Furman University's Student Newspaper

The Paladin

Furman University's Student Newspaper

The Paladin

Furman University's Student Newspaper

The Paladin

Look at This: Greenville Art Curators Dip into Diversity Scheme

Courtesy of Furman Athletics

In 2014, the Greenville News reported that a master plan for the trajectory of public art was underway. A follow-up from art representatives and gallery curators in the area signals progress. Despite some standstills in the design process, art is effectively being catapulted into a realm of the never-before-seen in the Upstate.

From Greenville’s rooftops, the birds-eye-view reveals the scope of the city’s developing art scene.

A public walking tour along Main Street streamlines 63 sculptures for viewers to visit. Some of the works align with the vision of the Arts in Public Places Commission, a cohort of nine volunteers from various backgrounds who seek to push public art into a new era; while a shadow of historical preservation nostalgically keeps the statues of white male figures standing tall.

Curators are upping their criteria for selection. Among the few, Art Program Specialist Marta Lanier is apart of a special faculty at Furman University. Their opinion helps decide which artists to showcase in the Roe Art Building on campus.

Lanier insists on the priority that the artists bring a sophisticated resume and a good technique to the table. The faculty receives proposals for wall space in the Thompson Gallery, and then evaluates the educational benefits to the students. “It’s about the medium and the talent of the artist,” Lanier said.

‘They get to interact with the community’

For the final exposition of the Fall 2017 season, the Furman art faculty invited two-dimensional artist Nishiki Sugawara-Beda to expose her painting series HANA. She is a Japanese immigrant who paints linguistic compositions on watercolor paper. To Sugawara-Beda, the Japanese craft of calligraphy “is a dance, frozen in time.”

Lanier praises her multidimensional use of materials.

Before curating the gallery for HANA, Lanier considered the floorplan for the series. Sometimes artists arrive with an idea already in mind for how they want to design the gallery, but Lanier coordinated the installation of Sugawara-Beda’s paintings on her own. On the far-left corner, she motions to three out-of-order titles. The design creates a bleeding effect and a feminine harmony between the paintings, Lanier explained.

The task in the curation process is to not only to construct the artist’s’ vision, but to peek student attention from outside the gallery. Gaining foot traction is important given the tucked away, relative slightness of Furman’s exposition room.

Typically, Lanier and her colleagues do not host local artists back-to-back, although this year was an exception with Greenville native Elaine Quave and Furman alumnae Sali Christenson earlier in the season. The faculty tends to accept artists from outside the area, pushing the reach of student exposure to diverse limits.

Furman’s art department is partners with the Arts in Public Places Commission (APPC). Each May, a mural class called “Art and Community Engagement” is offered. So far, students have already painted walls in Travelers Rest and on Stone Avenue. “[They] enjoy it because they get to interact with community,” Lanier said.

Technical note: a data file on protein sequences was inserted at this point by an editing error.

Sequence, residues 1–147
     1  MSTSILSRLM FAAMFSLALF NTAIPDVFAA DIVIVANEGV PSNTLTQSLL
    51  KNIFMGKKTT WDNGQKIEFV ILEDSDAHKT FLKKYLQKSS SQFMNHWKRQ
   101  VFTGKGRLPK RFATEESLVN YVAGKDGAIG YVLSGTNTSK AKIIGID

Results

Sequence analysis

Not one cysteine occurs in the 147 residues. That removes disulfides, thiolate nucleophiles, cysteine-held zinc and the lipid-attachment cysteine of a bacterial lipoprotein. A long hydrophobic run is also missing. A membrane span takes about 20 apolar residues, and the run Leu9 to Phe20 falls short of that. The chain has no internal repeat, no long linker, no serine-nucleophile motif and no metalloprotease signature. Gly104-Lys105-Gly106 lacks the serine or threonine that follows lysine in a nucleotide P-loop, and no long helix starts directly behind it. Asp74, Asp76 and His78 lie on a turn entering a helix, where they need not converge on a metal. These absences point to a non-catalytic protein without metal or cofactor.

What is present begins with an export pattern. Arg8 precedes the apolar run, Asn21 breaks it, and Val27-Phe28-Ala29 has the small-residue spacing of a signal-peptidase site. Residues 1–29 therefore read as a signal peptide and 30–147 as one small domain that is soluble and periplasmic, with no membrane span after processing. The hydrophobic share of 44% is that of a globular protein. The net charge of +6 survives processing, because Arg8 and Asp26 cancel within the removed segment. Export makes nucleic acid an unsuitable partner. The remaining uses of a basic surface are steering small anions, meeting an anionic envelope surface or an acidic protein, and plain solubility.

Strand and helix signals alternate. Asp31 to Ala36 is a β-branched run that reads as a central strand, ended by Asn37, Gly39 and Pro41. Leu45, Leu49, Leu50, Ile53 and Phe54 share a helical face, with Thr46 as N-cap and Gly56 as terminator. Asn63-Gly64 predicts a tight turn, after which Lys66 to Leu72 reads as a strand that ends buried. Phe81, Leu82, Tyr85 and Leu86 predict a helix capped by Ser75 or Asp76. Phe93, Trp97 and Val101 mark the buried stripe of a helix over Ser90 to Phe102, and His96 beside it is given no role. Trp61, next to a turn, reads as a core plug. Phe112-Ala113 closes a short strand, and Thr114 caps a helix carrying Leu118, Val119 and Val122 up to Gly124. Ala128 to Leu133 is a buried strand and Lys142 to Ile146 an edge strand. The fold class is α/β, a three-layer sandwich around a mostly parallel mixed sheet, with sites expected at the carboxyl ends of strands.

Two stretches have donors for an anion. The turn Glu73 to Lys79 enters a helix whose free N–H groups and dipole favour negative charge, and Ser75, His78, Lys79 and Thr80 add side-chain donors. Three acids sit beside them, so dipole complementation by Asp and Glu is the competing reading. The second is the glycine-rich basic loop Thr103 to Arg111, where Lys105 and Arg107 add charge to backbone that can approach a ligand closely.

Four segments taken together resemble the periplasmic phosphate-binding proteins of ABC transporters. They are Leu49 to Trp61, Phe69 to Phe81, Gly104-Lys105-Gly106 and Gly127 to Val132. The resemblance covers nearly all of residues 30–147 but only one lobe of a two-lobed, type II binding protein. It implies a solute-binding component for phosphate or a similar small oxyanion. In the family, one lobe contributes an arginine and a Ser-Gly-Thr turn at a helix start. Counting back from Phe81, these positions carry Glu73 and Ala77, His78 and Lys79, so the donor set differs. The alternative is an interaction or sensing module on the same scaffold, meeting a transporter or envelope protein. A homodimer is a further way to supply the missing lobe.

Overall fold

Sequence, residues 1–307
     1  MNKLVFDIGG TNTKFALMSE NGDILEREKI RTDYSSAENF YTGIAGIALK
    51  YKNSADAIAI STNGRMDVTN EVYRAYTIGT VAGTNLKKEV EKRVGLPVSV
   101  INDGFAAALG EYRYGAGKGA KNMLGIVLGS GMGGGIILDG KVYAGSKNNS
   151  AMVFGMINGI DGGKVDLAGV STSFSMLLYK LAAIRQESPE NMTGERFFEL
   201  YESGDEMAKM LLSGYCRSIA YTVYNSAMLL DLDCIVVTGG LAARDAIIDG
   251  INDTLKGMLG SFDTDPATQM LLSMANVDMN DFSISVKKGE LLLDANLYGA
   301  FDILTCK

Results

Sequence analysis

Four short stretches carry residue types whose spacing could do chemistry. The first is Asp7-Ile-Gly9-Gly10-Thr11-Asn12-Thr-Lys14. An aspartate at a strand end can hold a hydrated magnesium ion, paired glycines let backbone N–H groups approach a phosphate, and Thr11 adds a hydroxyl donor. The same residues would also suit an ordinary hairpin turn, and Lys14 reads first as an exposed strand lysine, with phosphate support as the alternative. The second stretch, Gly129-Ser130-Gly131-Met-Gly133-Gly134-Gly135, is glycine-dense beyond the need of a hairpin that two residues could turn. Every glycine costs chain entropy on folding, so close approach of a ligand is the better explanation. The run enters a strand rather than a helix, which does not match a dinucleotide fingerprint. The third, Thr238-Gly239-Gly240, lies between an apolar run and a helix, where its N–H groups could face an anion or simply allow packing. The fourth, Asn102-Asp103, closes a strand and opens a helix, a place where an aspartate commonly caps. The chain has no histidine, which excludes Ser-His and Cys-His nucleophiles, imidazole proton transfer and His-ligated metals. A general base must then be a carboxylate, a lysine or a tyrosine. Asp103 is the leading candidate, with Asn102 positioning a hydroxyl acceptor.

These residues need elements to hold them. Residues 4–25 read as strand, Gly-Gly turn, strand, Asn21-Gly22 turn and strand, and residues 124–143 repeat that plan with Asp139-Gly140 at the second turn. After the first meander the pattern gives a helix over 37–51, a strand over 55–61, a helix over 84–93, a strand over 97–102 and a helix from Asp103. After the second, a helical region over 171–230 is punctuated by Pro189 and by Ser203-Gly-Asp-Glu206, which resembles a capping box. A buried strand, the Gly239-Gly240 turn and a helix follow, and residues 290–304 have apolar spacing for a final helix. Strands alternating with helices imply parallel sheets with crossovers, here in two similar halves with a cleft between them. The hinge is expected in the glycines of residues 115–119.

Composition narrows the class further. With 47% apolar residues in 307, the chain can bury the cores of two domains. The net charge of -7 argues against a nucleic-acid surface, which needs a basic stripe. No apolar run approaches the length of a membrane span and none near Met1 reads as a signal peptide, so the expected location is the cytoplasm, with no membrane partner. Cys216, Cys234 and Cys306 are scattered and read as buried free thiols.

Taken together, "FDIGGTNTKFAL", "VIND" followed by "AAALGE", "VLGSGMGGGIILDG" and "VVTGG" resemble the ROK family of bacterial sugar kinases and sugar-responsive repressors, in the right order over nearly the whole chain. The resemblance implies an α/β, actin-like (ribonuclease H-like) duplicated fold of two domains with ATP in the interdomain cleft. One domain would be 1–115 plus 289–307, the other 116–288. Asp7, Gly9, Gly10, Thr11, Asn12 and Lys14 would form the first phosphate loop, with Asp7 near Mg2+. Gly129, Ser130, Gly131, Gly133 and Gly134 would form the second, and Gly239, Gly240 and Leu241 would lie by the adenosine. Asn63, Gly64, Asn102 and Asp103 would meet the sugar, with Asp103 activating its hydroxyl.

But in terms of the larger art operation downtown, the artists working with Furman are issued a small stipend compared to the APPC’s $75,000 annual budget.

The commission is appointed by the mayor and is comprised of local architects, muralists, interior designers and gallery owners like Lindsay McPhail. Located on Main Street in downtown Greenville, The Art Cellar is an eclectic collection of 60 artists from all mediums, as well as a work studio for four resident studio artists.

McPhail discussed the spacing issues she experienced at The Art Cellar’s former location underneath the Bellacino’s on S. Main Street. Now that she is settled into her underground hideaway across the street from The Artists Guild Gallery of Greenville, McPhail oversees her space with business-like authority. She is looking for artists “who [are] doing something we don’t already have.”

Incidentally, McPhail’s selection process echos the one Furman’s art faculty goes through. At The Art Cellar, prospective artists upload their portfolio, submit questions and images on an online application. The waitlist for wall space in McPhail’s art wonderland can run up to eight months at a time. Though the pieces in her gallery are rotated, some of the artists have been apart of McPhail’s collection for six years.

Outside of her duties at The Art Cellar, McPhail meets monthly with her fellow APPC members to review art proposals from private commissioners. Once the team “gives their stamp of approval,” McPhail said, the APPC’s recommendation is turned over to city council, and it is up to them at that point to decide whether or not a public art piece is commissioned.

The APPC is a middleman for public art curation in Greenville.

But this year, the APPC finally received headway to recommend their own piece for addition to the sculpture scene downtown. Tracy Ramseur, Development Coordinator for APPC, relayed exclusive information over a phone call about the city’s upcoming installation, Kwilt .

According to Ramseur, the APPC toyed with a modern conceptualization of the plaza where the bronze Shoeless Joe Jackson statue formerly stood. It is in honor of Chicago Red Sox player and Pickens county native Joseph Jefferson Jackson. The decision came with “a general interest in diversifying the collection,” Ramseur added.

Ramseur’s goal to fill the void in the downtown plaza by the summer of 2018 is hopeful, she suggests, but the APPC is waiting on city council’s approval to redesign the space to better accommodate the size of Kwilt .

To be continued on Feb. 8

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